The nose is earthy, and slightly pungent with notes of dried savory herbs, hay, and — perhaps it’s just my imagination — some sour milk character. The palate follows alongside this, but give it time and things open up with a healthy amount of air. On the tongue, an initially muddy palate eventually finds notes of cinnamon, lemon peel, and chocolate, atop a relatively creamy body. The finish isn’t anything out of the ordinary, though it’s got a hefty amount of bite and some vegetal character that’s hard to shake.

80 proof.

B / $40 / blackcow.co.uk

Review: Three Meadows Spirits Peony Vodka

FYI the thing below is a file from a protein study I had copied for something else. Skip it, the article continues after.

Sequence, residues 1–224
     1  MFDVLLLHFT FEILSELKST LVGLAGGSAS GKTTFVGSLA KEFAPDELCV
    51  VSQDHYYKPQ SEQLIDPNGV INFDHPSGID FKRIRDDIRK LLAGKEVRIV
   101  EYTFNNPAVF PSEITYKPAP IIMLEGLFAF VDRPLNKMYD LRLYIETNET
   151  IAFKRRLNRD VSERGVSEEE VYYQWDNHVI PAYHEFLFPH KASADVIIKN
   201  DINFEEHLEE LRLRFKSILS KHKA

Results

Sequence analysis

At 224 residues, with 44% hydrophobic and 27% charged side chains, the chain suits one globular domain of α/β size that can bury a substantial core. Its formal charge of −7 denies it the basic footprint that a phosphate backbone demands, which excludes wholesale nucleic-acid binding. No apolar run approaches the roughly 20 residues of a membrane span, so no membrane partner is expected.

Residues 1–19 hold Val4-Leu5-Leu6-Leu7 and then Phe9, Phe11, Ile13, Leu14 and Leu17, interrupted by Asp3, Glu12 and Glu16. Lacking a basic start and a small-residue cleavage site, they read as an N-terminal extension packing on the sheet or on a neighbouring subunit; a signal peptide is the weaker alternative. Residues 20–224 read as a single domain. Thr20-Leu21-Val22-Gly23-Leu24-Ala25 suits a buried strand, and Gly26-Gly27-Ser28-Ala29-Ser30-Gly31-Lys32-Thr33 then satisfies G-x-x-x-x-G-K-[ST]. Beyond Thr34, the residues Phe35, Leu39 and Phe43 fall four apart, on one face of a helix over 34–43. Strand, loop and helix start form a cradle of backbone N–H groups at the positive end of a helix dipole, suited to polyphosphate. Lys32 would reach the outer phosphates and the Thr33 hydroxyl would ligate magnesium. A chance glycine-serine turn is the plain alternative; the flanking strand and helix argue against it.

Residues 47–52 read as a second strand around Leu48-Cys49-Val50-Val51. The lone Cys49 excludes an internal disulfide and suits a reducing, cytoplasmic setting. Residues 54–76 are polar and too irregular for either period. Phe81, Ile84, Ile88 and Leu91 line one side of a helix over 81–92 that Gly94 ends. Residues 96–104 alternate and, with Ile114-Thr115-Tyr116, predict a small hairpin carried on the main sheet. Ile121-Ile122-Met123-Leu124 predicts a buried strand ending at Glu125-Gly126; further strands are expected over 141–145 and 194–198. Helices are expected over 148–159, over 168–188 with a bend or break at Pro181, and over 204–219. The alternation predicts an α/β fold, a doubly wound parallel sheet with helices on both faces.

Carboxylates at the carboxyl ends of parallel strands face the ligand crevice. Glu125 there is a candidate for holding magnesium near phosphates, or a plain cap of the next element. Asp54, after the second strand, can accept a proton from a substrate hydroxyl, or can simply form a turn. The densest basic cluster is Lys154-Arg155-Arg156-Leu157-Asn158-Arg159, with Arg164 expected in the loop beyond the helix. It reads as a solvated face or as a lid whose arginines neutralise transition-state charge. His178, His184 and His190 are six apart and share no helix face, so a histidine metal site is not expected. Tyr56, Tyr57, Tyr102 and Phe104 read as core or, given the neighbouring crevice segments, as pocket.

Based in the Hudson Valley of New York, Three Meadows Spirits is the producer of, to date, a single product: Peony Vodka, a 5x distilled, wheat-based vodka flavored with nine botanicals. Those include geranium, jasmine, white pepper, gardenia, green tea, vanilla, and the namesake of the spirit, tincture of peony. (Yes, that’s seven; the remaining two aren’t disclosed.)

Peony Vodka isn’t a gin, though it’s somewhere in that wheelhouse, landing on the palate between gin and a floral liqueur. The nose is somewhat floral, but primarily it is very sweet, with fresh marshmallow overpowering notes of honeysuckle, vanilla, and modest fruit character. On the palate the sweeter elements dominate, a vanilla custard character segueing to healthy notes of banana, almond, and cinnamon rolls, all of which hang on until the lengthy, lingering finish, where the sweetness endures.